Background: Multidrug-resistant (MDR) and extensively drug-resistant (XDR) tuberculosis have emerged as major global health threats. WHO recommends contact investigation in close contacts of patients with MDR and XDR tuberculosis. We aimed to assess the burden of tuberculosis disease in household contacts of such patients.
Methods: We undertook a retrospective cohort study of household contacts of patients treated for MDR or XDR tuberculosis in Lima, Peru, in 1996-2003. The primary outcome was active tuberculosis in household contacts at the time the index patient began MDR tuberculosis treatment and during the 4-year follow-up. We examined whether the occurrence of active tuberculosis in the household contacts differed by resistance pattern of the index patient: either MDR or XDR tuberculosis.
Findings: 693 households of index patients with MDR tuberculosis were enrolled in the study. In 48 households, the Mycobacterium tuberculosis isolate from the index patient was XDR. Of the 4503 household contacts, 117 (2·60%) had active tuberculosis at the time the index patient began MDR tuberculosis treatment-there was no difference in prevalence between XDR and MDR tuberculosis households. During the 4-year follow-up, 242 contacts developed active tuberculosis-the frequency of active tuberculosis was nearly two times higher in contacts of patients with XDR tuberculosis than it was in contacts of patients with MDR tuberculosis (hazard ratio 1·88, 95% CI 1·10-3·21). In the 359 contacts with active tuberculosis, 142 (40%) had had isolates tested for resistance against first-line drugs, of whom 129 (90·9%, 95% CI 85·0-94·6) had MDR tuberculosis.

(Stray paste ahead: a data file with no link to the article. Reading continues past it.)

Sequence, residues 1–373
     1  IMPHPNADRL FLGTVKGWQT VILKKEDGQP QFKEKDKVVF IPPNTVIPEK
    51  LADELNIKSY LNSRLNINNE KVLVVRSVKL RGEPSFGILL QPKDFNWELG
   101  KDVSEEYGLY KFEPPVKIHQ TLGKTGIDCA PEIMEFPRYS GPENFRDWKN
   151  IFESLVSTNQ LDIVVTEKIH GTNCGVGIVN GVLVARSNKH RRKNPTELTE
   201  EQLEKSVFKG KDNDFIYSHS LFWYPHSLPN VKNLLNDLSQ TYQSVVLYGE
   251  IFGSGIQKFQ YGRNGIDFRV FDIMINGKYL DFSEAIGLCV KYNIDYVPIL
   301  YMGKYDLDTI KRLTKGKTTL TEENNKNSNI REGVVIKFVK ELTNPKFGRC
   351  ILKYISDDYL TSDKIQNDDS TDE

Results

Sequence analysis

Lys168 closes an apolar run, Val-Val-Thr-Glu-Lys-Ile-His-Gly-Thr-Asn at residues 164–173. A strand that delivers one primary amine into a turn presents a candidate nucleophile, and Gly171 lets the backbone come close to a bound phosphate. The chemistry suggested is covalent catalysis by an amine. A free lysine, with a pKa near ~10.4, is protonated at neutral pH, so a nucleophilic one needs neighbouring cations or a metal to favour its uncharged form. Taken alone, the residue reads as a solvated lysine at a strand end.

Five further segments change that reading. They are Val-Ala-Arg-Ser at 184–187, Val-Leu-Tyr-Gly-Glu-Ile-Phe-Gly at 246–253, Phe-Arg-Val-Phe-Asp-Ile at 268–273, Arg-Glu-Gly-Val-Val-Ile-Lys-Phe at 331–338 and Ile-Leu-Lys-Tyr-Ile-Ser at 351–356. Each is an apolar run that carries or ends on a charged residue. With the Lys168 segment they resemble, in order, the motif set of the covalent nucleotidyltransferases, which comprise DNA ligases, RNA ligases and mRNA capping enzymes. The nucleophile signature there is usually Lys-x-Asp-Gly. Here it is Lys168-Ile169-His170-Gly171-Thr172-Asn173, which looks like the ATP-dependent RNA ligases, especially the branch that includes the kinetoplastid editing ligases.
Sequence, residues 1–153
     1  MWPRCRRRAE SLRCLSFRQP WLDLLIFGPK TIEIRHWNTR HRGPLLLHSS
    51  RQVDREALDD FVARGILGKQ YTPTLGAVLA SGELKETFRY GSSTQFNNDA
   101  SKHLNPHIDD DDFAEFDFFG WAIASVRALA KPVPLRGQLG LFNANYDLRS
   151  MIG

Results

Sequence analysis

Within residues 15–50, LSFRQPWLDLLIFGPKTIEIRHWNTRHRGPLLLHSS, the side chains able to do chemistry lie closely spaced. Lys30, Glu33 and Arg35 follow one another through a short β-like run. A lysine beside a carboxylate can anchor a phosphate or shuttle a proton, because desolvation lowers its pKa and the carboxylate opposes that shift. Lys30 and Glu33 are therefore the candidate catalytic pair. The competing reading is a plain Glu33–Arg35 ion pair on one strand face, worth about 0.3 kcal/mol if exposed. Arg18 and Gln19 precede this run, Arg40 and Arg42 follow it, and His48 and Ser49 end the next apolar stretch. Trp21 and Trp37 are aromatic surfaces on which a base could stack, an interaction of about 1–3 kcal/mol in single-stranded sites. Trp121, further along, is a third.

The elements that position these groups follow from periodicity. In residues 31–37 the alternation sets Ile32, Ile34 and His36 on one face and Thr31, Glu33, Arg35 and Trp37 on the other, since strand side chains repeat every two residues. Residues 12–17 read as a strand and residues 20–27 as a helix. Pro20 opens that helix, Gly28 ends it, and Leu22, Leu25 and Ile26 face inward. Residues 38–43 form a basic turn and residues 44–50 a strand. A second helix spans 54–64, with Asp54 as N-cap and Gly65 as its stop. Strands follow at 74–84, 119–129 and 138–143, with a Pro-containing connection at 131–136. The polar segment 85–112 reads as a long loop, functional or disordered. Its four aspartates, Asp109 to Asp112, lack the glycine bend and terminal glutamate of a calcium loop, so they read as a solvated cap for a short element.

Interpretation: In view of the high risk of disease recorded in household contacts of patients with MDR or XDR tuberculosis, tuberculosis programmes should implement systematic household contact investigations for all patients identified as having MDR or XDR tuberculosis. If shown to have active tuberculosis, these household contacts should be suspected as having MDR tuberculosis until proven otherwise.
Funding: The Charles H Hood Foundation, the David Rockefeller Center for Latin American Studies at Harvard University, and the Bill & Melinda Gates Foundation.
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